Serving in a new way: A conversation in Ellis, Kan.

Participants at Saturday's "community conversation" in Ellis, Kan., discuss what they like most about their city.

The director of the Ellis Alliance had been thinking about a “community roundtable discussion” for some time.  But, says Dena Patee, she was reluctant to propose, let alone lead, such an event herself. In a city of just 2,000 residents, she knew it would be difficult to appear neutral. “There’s a tendency to think you’re taking sides, or promoting one idea or another,” Patee said.

Ellis Alliance Director Dena Patee, left, and Alliance Board member JoAnn Schoenthaler discuss what would make Ellis even better.

Enter Cheryl Lyn Higgins, the coordinator of Neighborhood Initiatives and the leader of last Saturday’s “community conversation” in Ellis.

One of the many goals of Neighborhood Initiatives, which is a new office of the Sisters of St. Joseph of Concordia, is to reach out to communities where sisters serve and offer whatever assistance is needed in bringing people together to talk about challenges and solutions.

Sister Doris Marie Flax has served as pastoral minister at St. Mary’s Church in Ellis since 1994, and introduced Higgins to Patee and several other community leaders. As a result, Higgins offered her services — free of charge — to organize the Saturday meeting and then walk the 20 or so participants through the process of really looking at their community.

“In a small community, it’s sometimes difficult to lay out the facts when you’re there with all your neighbors and people you’ve known all your life,” Higgins explained. “Somebody coming in from the outside can say things that someone inside the community cannot always say. But someone has to say, ‘Elected officials can’t do everything’ and ‘We have to be citizens in our community.’ ”

According to Patee, Higgins was exactly the person needed to start the conversation.

“It was so much nicer that Cheryl Lyn came out and did the facilitation,” she said. “She was so comfortable and calm; she was flawless in her presentation.”

And, she notes, everyone at the meeting knew that Higgins was just there to help.

Higgins’ assistance — and, in fact, the creation of Neighborhood Initiatives in 2010 — continue a tradition the Sisters of St. Joseph have lived out since their founding 128 years ago. In their early days in Kansas, the congregation founded schools and hospitals to educate young people and provide health care, services that were crucial in the communities where they lived and served.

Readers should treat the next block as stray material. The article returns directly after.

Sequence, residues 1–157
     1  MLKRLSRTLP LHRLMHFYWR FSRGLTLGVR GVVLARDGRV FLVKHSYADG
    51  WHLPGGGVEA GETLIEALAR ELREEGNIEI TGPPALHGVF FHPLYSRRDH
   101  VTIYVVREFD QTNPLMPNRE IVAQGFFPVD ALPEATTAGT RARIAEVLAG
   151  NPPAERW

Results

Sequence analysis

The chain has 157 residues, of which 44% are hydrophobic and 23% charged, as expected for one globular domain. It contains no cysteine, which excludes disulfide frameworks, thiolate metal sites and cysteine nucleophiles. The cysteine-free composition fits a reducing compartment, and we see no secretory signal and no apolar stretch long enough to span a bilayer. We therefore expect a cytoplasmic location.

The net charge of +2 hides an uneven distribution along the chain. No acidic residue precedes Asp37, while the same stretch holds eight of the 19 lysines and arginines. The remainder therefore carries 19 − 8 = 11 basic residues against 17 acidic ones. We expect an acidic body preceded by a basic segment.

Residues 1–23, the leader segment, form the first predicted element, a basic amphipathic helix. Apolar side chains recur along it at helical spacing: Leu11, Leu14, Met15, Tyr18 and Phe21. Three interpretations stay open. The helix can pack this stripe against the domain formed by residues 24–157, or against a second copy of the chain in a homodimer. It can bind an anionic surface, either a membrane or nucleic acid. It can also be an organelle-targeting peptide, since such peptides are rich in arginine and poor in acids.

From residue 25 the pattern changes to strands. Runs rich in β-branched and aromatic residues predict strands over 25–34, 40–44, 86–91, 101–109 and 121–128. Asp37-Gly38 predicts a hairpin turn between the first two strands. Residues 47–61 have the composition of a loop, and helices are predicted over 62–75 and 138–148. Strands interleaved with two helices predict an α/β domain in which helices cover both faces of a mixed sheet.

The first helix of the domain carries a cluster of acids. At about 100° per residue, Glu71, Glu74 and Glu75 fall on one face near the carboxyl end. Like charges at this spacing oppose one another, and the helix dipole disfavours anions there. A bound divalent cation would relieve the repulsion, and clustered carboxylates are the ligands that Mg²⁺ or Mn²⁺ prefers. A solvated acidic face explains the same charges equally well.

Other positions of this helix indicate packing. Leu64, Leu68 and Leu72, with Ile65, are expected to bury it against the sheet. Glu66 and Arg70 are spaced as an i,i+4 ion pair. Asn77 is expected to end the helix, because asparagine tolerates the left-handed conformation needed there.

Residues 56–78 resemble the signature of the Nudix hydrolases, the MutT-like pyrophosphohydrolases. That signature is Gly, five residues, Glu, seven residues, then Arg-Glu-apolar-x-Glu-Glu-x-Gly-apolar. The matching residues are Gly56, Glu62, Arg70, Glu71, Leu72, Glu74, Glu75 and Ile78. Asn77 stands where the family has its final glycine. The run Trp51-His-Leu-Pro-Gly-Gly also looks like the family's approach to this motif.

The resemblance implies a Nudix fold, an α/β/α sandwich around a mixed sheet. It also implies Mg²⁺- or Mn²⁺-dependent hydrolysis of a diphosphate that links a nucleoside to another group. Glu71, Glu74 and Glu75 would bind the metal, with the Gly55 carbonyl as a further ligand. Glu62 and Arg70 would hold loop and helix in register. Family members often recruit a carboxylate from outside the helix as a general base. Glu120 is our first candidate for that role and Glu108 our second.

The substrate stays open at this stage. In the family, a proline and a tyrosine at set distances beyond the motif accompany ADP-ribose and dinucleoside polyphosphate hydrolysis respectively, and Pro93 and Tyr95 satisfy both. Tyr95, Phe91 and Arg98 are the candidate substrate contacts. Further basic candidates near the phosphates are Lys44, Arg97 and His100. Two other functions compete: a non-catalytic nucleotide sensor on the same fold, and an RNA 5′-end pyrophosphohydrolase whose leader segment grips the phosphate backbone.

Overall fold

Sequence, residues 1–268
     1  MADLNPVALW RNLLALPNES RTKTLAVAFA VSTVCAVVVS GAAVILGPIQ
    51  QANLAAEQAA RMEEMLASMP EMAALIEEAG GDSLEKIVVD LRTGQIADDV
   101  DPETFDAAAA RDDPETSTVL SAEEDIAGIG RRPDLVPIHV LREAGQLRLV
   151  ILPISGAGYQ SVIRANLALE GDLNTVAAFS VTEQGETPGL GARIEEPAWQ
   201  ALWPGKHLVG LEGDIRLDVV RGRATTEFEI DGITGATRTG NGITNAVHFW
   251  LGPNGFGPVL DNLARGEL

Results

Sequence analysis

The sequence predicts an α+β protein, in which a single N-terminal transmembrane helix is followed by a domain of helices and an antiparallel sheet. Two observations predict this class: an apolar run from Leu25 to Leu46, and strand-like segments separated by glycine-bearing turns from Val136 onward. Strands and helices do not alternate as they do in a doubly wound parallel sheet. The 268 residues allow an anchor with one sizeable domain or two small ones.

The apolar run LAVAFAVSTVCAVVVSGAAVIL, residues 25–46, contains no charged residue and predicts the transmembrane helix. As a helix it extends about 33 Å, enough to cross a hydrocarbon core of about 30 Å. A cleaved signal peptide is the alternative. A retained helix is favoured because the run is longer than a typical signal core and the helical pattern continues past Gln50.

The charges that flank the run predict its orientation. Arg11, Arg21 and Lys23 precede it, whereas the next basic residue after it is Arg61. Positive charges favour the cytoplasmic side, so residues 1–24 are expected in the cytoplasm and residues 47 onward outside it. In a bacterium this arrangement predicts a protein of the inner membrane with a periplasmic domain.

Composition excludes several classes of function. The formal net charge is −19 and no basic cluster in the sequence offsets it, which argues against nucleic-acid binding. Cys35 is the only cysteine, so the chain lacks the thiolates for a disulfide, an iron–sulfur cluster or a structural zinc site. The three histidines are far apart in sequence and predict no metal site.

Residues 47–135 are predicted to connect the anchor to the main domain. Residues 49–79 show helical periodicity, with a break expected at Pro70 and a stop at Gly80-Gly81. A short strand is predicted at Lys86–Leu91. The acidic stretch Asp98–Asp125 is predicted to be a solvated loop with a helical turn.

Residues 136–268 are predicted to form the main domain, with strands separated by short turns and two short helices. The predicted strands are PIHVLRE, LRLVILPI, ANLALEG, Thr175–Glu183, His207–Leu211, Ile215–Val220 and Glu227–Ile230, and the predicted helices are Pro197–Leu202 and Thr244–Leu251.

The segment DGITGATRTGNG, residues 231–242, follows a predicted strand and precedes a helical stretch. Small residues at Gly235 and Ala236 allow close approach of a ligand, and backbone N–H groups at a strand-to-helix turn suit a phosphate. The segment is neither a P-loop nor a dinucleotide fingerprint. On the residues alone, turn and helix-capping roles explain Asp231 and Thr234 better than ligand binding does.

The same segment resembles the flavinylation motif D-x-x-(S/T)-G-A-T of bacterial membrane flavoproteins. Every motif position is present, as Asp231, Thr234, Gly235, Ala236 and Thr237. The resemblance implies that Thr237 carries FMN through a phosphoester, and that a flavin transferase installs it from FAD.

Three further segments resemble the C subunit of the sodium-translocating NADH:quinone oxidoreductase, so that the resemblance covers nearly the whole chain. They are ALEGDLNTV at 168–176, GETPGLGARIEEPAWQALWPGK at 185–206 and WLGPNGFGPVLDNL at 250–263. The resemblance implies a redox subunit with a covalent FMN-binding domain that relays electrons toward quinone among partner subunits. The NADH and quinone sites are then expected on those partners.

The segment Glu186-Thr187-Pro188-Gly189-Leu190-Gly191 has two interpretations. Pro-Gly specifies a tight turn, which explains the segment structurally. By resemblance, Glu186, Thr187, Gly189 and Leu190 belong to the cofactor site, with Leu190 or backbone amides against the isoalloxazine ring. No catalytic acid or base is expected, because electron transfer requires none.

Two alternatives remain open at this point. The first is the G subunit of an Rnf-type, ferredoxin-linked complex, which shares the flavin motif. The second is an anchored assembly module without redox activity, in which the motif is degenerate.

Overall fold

As the need arose, they founded orphanages and nursing homes to provide care for children and elders who needed it.

“Those were all needs relevant to their times,” Higgins explained. “Today rural communities are concerned about sustainability — that’s what makes these community conversations relevant to this time and to the communities where sisters serve.”

The process began with small groups listing “What we like about Ellis,” and items like good schools and active organizations were included by almost every group.

Then came a harder question: What would make Ellis even better?

Participants came up with a list of 14 suggestions, ranging from developing more housing of all types to creating a business incubator and building a community center.

The final two questions were the hardest: What are the priorities and who will work toward them?

Ultimately, four topics made that list — housing, business development and a business incubator, a community center and cleanup of Big Creek — and participants volunteered to serve on a committee for each one.

“My dream is that everyone who signed up to volunteer will show up and take an active role,” Patee said with a laugh. “That may not happen, but this was very, very positive.”

The next step in the process, Higgins said, is to present the four goals, as well as other information from the meeting, to the Ellis Alliance Board of Directors and then to the Ellis City Commission. That should happen early in October.

Meanwhile, Higgins is looking at other cities where there are Sisters of St. Joseph with the hope that Neighborhood Initiatives can be of service there, too. The program is funded by the Sisters of St. Joseph so there is no cost to the cities that participate.

3 thoughts on “Serving in a new way: A conversation in Ellis, Kan.

  • October 25, 2011 at 6:42 am

    Sleeves rolled up, venturing into the neighborhood of untended need.
    Thanks for providing that stepping stone for the CSJ Mission.

  • October 20, 2011 at 9:54 am

    A great report on the event in Ellis. Lots of enthusiaism and hope generated for moving into the future!
    Thanks, Cheryl Lyn, for bringing “Neighborhood Initiatives” to its next stages.
    Sr. Beth

  • September 23, 2011 at 4:22 pm

    Cheryl Lyn, What a gift, you and we are offering, may it grow and flourish.

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